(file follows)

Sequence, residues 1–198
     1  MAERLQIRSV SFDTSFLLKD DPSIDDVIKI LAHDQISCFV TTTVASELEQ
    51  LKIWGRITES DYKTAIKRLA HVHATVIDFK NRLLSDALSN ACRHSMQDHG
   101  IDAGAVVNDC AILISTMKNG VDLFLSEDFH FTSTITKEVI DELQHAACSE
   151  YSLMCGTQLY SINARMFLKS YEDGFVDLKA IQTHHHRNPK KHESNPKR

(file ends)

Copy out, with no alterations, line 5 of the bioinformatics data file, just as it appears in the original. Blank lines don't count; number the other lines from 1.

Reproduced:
   151  YSLMCGTQLY SINARMFLKS YEDGFVDLKA IQTHHHRNPK KHESNPKR